Figure out what you can do. Figure out who might care. Make the offer.
This has been a very, very brief run-down of how to start an artistic side project – turning it into a real business is another kettle of fish.
But if I know anything, I know this: it’s possible. There are as many ways to bring joy and inspiration and insight to the world as there are artists and there is always someone who wants to know what you have to say – they just might not be aware of it yet.
If this interests you at all – if this is getting the motors in your head going a little bit – I’d like to point you at a few resources that I’m a real believer in:
Benji Rogers, founder and CEO of Pledge Music, kindly sat down with us to explain how he plans to revolutionize the way that artists and fans interact by allowing fans access to the creative process of music making. Pledge Music is not equivalent to a crowd-funding company. They bring something unique and valuable to artists and fans alike. Read about how they deliver their unique and tailored service:
Can you start by telling us about what you’re doing at Pledge Music, a brief rundown of how you help artists and what the benefit is to both sides.
I was an artist myself and I made five albums over about nine or ten years. I was obsessed by the fact that fans wanted to be a part of what I was doing as an artist and what my band was doing. It was very much a participatory thing. When I was going into a town, they’d be like, “don’t stay at a hotel, come stay with us, we’ll make you dinner.”
What we found was that if you offered fans a kind of online version of that experience, I always thought in my head, if fans could be a part of that wherever they are in the world, that would be kinda cool. I was lying in bed one night, and saw in my head, artists, fans, charities. So the concept was, rather than say, “buy my album, it’s coming out August seventh,” we say, “pledge here to be a part of the making of my album.”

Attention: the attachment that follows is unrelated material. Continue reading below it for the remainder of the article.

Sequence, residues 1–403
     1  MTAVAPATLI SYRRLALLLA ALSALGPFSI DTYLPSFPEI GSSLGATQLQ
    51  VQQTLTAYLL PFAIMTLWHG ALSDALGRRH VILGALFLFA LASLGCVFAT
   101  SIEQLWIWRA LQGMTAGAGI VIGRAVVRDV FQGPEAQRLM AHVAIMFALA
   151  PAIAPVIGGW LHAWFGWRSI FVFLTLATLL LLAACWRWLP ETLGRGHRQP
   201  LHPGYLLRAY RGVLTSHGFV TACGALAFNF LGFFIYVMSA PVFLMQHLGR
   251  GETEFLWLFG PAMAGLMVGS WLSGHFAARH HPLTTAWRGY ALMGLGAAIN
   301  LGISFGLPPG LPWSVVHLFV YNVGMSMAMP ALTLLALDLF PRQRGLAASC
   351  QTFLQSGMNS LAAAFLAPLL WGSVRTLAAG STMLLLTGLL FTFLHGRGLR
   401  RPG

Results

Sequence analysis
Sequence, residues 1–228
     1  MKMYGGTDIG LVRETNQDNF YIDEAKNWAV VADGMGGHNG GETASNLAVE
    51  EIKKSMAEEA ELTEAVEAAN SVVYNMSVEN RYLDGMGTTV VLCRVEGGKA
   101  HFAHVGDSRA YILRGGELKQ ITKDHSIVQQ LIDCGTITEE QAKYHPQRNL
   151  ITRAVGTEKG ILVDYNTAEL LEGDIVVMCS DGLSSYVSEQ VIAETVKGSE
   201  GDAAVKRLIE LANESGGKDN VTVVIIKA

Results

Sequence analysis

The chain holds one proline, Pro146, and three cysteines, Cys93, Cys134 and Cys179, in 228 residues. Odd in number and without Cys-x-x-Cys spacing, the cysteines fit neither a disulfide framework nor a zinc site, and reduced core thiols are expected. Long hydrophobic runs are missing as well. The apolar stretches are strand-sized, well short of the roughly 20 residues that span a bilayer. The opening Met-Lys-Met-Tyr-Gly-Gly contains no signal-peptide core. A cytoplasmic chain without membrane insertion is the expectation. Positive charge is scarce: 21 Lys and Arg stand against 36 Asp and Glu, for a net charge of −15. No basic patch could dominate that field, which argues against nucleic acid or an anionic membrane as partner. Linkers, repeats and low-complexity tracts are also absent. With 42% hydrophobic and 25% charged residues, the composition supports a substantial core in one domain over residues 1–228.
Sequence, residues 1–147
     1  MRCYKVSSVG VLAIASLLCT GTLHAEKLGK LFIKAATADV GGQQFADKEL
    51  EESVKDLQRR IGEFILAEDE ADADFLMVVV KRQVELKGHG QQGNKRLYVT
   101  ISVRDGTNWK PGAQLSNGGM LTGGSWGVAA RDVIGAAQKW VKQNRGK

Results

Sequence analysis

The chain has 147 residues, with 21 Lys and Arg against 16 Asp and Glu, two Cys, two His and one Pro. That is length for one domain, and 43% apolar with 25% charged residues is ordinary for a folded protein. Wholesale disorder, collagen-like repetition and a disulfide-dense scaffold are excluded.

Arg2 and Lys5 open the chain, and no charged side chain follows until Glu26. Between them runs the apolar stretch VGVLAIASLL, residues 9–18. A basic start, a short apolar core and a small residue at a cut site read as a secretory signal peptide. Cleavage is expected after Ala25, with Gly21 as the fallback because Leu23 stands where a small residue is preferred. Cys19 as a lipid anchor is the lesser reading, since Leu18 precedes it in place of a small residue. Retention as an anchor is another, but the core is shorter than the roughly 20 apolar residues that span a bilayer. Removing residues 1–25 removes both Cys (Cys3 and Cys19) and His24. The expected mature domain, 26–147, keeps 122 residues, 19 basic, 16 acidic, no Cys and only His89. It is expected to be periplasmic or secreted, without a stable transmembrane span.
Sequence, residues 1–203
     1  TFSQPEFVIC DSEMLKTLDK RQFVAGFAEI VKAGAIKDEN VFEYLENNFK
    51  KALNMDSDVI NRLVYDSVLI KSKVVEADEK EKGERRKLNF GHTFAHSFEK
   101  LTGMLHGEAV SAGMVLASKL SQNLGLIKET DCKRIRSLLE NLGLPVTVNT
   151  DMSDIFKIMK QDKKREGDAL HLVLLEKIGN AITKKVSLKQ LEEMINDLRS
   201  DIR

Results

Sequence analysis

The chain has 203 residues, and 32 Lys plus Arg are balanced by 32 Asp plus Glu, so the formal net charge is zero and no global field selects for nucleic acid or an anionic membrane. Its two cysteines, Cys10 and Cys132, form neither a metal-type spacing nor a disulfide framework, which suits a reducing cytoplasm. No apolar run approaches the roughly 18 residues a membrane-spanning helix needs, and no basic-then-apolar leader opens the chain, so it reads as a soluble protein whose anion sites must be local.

And from day one you get access to a special part of the site that has on it rough mixes, live tracks, demos, video blogs. It tells a story of the album as it’s being made. And private video blogs. It’s not just posting on You Tube. It’s private for the pledgers. At the end of it, if you make more that what you needed, a part of the profits can go to a charity of your choice.
So the artist wins because they get the fans involvement early. The fans win because they get to see this process unfolding. The charity wins because someone shows up with a cheque. And within that, the producer, the engineer, the manager, everyone else gets something because it’s not reliant on selling it all after the fact.
We often get compared to crowd-funding companies, which are like, “please give us something, we will go make something and then we will deliver it to you at a different time.” To me that’s just another form of consumer commerce, if you will. But if you say to the fan, “we’re going to go into the studio today and as we do that, at the end of every day or every couple days, we’re going to share something with you.”
We’ve got an iPhone app that literally says, “hey, I’m in the studio. Come check it out, I’m going to beat my drummer over the head with a stick because he can’t keep time. We’ve had a great day, have a listen.” Then it auto-feeds the artist’s account on Facebook and Twitter. If I’m a fan, that same update can feed my Facebook and Twitter, so what you end up seeing is a thirty second clip and you can pledge to see the rest of it.
Really I think what it was, was I think there’s a place in music for just selling to consumers. But what the industry has never addressed is how to sell to fans. Fans are the ones that want to be a part of something larger than just the moment that they go into a shop and buy.
There’s still a place for retail. There’s still a place for labels. What we try to do is build a tool that means an artist and fan can have a direct connection and that the label can also use this tool to foster that same thing, because it’s coming from the artist in real time.
You can’t go back and have the experience. You’ve got to have it while it’s drawing out. It’s like a gig that unfolds in real time. If you don’t offer that, then the fans simply can’t be a part of it. All they can do is go to a shop and buy a CD or go to iTunes and download it.
We did a study with Nielsen (SoundScan) in the U.S. and what they found was that there’s between 0.5 to 2.6 billion dollars available to labels and artists if they open this method up. All fans want to do is connect. They want to be a part of it. You want to say, “I was there. I got the signed vinyl that says ‘I was there.’” That’s really how I view us.